Government officials did not order tests on HPL cladding systems because a different kind of cladding, aluminium composite materials (ACM), was used on Grenfell.
Experts had been calling for tests on non-ACM cladding since September 2017, a few months after Grenfell, but they were only carried out in July this year.
The government said the HPL material passed the test, but must still be removed if combined with combustible insulation.
Ms Bright also pointed to problems with selling flats.
She said one flat in St Francis Tower sold in August 2012 for £53,500 - yet more than six years later, the same flat has sold for significantly less, even though the block is undergoing remediation.
The Rightmove listing shows it as sold at auction for £41,000 in March - although the same page also says £30,000 STC, she said.
So what happens now?
All of the cladding on the building will be replaced from December onwards, according to the fire service and the building's owners.
They had originally planned to start work in October.
"We remain committed to resolving the issues at St Francis Tower as quickly as possible," representatives for the owner said.
"As a result of the immediate action taken by Block Management UK Ltd (the managing agent since 2016) and RG Securities No2 (the freeholder), there is no longer a risk of SFRS serving a prohibition notice.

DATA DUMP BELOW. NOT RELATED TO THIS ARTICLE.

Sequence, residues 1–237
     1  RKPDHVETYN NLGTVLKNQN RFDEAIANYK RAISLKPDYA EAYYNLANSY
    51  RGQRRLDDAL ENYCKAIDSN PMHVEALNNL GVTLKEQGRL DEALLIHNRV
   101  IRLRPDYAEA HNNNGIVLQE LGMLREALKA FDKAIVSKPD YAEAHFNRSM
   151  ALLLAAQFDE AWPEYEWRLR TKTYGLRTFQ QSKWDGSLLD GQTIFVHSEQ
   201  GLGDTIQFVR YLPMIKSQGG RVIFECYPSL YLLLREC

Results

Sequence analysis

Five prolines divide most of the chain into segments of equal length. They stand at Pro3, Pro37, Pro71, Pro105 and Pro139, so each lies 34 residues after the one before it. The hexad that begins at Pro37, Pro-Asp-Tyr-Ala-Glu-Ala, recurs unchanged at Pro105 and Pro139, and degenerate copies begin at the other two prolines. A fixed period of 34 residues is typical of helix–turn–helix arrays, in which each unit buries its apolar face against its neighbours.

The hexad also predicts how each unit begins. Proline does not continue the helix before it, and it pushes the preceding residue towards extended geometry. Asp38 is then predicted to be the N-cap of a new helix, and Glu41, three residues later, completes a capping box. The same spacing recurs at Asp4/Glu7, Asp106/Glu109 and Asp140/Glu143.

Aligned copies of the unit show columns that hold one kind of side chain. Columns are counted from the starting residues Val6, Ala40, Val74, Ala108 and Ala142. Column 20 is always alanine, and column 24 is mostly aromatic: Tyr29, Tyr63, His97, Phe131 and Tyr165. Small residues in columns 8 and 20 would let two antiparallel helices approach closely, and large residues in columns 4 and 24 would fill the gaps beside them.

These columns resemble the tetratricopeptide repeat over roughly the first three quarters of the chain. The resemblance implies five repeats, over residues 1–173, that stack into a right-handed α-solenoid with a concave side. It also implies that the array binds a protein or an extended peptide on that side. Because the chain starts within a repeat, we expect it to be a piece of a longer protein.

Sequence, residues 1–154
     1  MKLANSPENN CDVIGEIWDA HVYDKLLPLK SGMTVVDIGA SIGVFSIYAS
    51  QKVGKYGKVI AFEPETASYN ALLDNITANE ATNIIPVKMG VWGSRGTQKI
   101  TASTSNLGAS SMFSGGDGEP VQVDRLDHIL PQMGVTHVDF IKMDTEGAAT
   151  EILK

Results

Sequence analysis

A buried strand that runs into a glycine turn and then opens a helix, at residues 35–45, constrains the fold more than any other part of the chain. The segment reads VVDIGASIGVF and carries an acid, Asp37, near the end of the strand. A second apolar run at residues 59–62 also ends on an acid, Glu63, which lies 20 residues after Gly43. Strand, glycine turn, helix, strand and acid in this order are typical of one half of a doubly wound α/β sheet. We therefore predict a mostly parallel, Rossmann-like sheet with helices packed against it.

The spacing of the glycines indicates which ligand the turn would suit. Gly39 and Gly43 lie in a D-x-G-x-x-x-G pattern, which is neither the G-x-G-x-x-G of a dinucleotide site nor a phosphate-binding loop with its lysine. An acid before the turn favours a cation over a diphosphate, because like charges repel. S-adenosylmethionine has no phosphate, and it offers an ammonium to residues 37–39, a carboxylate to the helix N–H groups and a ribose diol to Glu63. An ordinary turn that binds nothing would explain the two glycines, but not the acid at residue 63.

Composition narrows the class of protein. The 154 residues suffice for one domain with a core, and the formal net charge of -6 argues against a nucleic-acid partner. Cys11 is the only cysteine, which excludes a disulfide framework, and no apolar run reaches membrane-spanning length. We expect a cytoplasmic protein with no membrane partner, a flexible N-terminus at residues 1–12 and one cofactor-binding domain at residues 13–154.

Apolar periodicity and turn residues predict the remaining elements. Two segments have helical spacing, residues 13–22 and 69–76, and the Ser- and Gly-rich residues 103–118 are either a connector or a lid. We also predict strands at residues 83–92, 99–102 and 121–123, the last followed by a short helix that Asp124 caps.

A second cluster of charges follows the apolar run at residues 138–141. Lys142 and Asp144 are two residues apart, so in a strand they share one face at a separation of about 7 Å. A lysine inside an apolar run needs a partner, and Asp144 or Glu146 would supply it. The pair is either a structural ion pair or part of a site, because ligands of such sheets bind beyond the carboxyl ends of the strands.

"We are continuing to work very closely with SFRS, Ipswich Borough Council, UKAS accredited fire risk assessors and expert surveyors."
In an updated statement issued this morning (Monday, September 30), they added: "Scaffolding is going up in December 2019, and cladding replacement works are scheduled to commence in early 2020."
A fire service spokesman said it has an excellent and productive relationship with all involved in the St Francis Tower case.
"We have all worked together to significantly reduce any fire risk at the premises," the spokesman added.
"Any cladding which currently remains on the building is for additional health and safety reasons, on the advice of a cladding contractor.
"It is planned for all cladding to be replaced subject to building regulations approval."
In the meantime, the spokesman recommended all residents familiarise themselves with the current evacuation strategy.
- Concerned residents can contact the managing agents on 01473 558583.